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Public Opinion Strongly Approves the Policy Position of Cross-Strait Peace and Support Communication and Dialogue between the Two Sides without Preconditions

  • Date:2017-11-03

Date: November 3, 2017
MAC Press Release No. 77

The Mainland Affairs Council (MAC) announced the results of a routine public opinion survey on November 3, 2017. The survey found that more than 80% of the people support the government's firm defense of national sovereignty and dignity and the well-being of the people and commitment to maintaining peaceful and stable development across the Taiwan Strait (81.8%), and support the policy position that Taiwan's future and the development of cross-Strait relations must be decided by the 23 million people of Taiwan (84.9%). Moreover, nearly 90% of the people think that the leaders of the two sides should work together in the changing situation to find a new model for interaction and lay a foundation for peace and stability across the Taiwan Strait (88.6%). More than 70% of the public also think the two sides should pragmatically handle cross-Strait affairs through dialogue and communication without preconditions (76.2%).

The MAC stressed that maintaining benign cross-Strait interaction and achieving the people's well-being is a mutual responsibility and objective of the two sides. Mainland China should present new ways of thinking and face up to the Taiwan people's unshakable conviction on national sovereignty and dignity and the democratic system. The survey found that over 70% of the public agree that mainland China should pragmatically face up to the fact that the Republic of China (ROC) is a sovereign state (73.9%). More than 60% of the public do not agree with mainland China's insistence that its political positions serve as the basis for developing cross-Strait relations (66%). A similar percentage feel that mainland China should stop unilaterally tightening cross-Strait exchanges and intimidating Taiwan with military exercises and training to help the benign development of cross-Strait relations (64.2%).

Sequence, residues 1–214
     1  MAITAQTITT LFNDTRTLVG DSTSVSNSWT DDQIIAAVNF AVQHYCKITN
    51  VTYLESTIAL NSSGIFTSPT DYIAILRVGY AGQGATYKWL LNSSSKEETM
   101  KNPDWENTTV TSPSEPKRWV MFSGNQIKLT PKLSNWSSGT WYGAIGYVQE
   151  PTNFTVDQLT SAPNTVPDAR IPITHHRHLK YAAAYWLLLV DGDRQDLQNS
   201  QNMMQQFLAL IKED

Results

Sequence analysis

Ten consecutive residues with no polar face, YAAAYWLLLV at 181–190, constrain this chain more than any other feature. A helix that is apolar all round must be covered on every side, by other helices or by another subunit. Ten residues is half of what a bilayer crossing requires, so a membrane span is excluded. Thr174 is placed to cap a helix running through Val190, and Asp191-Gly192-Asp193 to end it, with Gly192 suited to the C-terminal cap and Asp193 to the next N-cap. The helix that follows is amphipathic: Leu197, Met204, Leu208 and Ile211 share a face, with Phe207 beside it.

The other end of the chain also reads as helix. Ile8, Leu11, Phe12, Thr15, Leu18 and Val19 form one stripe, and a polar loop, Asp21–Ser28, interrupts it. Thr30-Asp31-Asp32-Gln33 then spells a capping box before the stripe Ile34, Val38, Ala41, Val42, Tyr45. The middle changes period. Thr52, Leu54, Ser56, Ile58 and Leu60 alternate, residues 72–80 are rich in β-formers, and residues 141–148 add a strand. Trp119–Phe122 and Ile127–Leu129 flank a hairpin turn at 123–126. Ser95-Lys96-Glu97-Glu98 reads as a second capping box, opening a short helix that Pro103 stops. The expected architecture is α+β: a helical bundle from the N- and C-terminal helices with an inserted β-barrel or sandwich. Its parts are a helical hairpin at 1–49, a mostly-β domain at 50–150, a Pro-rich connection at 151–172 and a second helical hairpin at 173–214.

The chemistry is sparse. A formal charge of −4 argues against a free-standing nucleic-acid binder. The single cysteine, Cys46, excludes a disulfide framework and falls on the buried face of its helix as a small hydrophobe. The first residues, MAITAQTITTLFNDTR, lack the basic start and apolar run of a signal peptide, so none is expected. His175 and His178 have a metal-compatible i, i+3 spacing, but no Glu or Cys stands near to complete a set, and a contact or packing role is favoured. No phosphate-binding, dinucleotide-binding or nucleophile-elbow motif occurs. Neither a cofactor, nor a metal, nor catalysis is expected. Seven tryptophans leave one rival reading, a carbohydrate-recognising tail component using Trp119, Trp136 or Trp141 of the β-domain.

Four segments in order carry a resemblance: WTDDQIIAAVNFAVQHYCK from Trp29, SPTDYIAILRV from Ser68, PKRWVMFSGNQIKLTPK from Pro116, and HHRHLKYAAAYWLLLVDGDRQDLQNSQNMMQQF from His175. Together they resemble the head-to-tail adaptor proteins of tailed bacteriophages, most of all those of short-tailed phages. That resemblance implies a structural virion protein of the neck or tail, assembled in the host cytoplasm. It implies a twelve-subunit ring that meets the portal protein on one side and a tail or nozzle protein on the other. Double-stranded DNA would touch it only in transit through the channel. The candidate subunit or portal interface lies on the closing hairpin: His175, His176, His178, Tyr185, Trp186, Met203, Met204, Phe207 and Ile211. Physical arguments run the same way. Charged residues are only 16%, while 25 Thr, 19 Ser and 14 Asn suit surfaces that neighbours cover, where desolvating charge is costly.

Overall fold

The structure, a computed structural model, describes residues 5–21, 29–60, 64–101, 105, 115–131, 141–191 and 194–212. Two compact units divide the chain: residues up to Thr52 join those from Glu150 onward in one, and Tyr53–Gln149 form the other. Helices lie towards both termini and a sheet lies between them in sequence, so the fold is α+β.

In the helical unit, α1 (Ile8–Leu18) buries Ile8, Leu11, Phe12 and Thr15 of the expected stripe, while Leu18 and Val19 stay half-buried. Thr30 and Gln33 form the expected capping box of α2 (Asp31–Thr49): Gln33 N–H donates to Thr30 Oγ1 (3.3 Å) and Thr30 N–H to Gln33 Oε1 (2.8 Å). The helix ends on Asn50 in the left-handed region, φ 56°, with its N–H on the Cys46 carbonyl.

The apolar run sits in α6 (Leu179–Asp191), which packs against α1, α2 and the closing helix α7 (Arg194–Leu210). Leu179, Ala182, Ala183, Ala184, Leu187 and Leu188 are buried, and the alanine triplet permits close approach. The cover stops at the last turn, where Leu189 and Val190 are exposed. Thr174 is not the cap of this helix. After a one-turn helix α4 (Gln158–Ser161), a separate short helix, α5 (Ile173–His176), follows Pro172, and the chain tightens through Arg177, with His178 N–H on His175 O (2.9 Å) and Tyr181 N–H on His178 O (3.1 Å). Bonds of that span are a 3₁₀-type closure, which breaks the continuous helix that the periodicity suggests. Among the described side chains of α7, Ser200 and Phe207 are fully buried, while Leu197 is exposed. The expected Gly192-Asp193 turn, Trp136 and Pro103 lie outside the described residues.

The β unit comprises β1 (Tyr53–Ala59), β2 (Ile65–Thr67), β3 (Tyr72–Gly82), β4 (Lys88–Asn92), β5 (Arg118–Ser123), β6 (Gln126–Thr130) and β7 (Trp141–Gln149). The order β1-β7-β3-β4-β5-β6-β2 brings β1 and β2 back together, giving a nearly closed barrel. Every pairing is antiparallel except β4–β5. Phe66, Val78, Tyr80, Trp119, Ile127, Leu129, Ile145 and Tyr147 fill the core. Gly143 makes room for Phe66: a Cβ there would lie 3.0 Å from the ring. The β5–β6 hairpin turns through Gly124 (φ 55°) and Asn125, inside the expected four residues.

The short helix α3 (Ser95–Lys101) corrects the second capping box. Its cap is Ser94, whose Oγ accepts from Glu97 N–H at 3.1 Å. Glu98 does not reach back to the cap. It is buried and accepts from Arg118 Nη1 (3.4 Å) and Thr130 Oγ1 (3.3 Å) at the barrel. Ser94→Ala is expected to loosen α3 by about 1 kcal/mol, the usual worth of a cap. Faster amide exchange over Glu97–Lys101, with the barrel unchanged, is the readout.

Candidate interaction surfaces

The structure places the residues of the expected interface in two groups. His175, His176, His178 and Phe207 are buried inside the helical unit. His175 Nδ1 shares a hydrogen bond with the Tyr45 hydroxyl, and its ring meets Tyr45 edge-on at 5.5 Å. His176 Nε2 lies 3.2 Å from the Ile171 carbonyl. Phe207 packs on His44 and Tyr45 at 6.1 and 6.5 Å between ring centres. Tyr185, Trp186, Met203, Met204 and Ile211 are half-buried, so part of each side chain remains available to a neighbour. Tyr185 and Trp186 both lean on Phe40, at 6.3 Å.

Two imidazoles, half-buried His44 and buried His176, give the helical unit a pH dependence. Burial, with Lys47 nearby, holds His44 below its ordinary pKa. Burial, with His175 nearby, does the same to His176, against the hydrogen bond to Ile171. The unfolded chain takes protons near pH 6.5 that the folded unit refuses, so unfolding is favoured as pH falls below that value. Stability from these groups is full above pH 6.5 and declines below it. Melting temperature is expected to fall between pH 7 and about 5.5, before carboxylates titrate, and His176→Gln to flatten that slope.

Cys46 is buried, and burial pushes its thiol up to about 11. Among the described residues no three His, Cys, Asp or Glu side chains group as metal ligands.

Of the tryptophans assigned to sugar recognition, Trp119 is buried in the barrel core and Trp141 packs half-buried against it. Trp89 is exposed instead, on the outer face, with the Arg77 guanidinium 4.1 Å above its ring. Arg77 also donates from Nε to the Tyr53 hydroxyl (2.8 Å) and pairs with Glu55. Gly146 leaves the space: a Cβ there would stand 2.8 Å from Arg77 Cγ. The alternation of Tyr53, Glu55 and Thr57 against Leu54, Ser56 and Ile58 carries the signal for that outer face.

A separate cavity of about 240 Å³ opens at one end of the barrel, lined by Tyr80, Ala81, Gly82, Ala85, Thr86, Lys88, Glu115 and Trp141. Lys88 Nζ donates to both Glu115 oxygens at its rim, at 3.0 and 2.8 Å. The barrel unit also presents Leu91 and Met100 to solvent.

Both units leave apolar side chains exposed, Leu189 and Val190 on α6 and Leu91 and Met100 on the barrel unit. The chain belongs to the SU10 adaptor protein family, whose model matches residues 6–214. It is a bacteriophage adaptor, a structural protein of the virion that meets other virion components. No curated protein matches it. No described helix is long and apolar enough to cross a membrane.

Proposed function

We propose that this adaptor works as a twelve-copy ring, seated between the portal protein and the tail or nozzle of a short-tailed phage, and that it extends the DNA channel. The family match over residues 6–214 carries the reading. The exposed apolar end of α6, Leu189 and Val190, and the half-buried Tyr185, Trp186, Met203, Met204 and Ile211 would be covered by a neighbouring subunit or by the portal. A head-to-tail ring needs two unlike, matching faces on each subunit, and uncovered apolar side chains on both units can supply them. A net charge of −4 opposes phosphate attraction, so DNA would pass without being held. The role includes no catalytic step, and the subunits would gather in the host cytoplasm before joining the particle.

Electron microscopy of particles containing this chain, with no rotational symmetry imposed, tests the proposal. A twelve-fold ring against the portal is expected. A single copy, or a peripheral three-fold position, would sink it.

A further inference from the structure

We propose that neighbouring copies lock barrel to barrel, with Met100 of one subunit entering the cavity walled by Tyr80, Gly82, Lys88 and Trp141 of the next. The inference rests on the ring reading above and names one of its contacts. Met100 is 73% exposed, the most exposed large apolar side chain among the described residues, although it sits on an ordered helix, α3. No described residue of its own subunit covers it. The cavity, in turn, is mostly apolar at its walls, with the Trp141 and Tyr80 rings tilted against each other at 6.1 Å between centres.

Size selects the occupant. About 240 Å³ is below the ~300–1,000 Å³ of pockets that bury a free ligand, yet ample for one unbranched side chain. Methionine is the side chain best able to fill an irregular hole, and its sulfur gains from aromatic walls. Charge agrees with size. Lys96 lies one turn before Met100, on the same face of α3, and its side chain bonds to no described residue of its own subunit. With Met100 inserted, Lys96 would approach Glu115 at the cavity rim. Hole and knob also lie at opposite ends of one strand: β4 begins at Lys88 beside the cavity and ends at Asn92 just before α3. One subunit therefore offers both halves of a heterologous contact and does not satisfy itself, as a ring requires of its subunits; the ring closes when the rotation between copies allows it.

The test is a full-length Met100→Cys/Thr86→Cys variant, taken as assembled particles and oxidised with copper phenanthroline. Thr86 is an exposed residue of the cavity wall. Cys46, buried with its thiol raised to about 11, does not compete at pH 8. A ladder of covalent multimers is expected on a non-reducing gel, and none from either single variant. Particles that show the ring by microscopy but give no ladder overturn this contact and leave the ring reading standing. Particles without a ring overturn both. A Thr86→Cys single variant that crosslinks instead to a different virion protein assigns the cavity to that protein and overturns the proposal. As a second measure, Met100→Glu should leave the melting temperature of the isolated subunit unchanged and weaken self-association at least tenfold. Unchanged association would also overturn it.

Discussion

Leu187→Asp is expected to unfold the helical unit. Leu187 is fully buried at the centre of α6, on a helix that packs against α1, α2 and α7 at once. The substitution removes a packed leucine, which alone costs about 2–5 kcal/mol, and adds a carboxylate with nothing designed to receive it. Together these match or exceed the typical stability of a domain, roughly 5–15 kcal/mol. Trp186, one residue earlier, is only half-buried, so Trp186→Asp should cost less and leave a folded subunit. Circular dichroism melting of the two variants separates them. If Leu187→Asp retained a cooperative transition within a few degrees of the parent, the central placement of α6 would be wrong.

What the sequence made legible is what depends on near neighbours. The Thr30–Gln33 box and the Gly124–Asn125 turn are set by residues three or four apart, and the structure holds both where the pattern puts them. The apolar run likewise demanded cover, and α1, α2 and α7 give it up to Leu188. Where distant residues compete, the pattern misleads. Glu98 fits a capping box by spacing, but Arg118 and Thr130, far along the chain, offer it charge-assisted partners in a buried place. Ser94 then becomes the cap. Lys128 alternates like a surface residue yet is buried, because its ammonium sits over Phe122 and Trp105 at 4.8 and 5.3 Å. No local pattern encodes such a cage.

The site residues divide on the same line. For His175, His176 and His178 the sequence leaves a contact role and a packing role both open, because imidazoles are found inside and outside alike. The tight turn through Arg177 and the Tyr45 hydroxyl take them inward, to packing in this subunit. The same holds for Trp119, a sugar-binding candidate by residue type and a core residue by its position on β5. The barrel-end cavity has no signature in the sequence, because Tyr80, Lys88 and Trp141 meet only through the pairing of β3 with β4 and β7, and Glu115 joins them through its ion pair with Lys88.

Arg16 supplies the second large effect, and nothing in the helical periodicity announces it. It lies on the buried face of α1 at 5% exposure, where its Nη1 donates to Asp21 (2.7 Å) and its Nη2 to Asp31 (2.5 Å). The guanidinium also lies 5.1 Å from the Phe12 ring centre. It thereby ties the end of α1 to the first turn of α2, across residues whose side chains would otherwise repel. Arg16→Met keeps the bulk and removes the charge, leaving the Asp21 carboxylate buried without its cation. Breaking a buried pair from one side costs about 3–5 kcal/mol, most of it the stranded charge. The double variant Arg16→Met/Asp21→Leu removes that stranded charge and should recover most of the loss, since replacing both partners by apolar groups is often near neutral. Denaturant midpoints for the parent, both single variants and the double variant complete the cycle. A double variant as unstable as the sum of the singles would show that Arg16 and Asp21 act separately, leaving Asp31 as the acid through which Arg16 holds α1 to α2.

The survey results further showed that over 70% of the public support President Tsai Ing-wen's position of not changing the government's goodwill and commitments and not reverting to the old path of confrontation nor bowing to pressure in the handling of cross-Strait relations (70.3%). A similar percentage support the position that the two sides should cherish the accumulated achievements and goodwill from the past 30 years of exchanges and seek breakthroughs in cross-Strait relations on the existing basis (78.2%). Regarding other cross-Strait issues long observed by the MAC, the MAC indicated that the great majority of the public continue to advocate "maintaining the status quo defined in a broader sense" (85.2%), maintaining a stable long-term trend. As for views on the pace of cross-Strait exchanges, 36.3% of the public believe it to be "just right," followed by the percentages believing the pace to be "too fast" and "too slow" at 8.5% and 40.8% respectively.

The MAC stated that during the past 30 years of cross-Strait exchanges, the two sides have upheld the concept of "putting the people first" and the spirit of setting aside disputes and seeking mutual understanding. This is the key to maintaining benign cross-Strait interactions. Facing the new situation, the two sides should set aside differences, seek common ground, and work to create new opportunities for cross-Strait cooperation. The MAC called on the Mainland authorities to discard their hostile, threatening and confrontational thinking and actions. On the basis of interaction and exchanges between the two sides over the past 30 years, the two sides should resolve political differences through communication and dialogue and jointly find a new model for cross-Strait interaction beneficial to the long-term development of relations between the two sides.

The MAC commissioned the Election Study Center of National Chengchi University to conduct a telephone survey of adults aged 20 and over in Taiwan from October 27 to 31, 2017. A total of 1,077 valid samples were collected, with a sampling error of 2.99% at a 95% confidence level. The survey results were weighted by the respondents' gender, age, education level, and region after testing sample representativeness.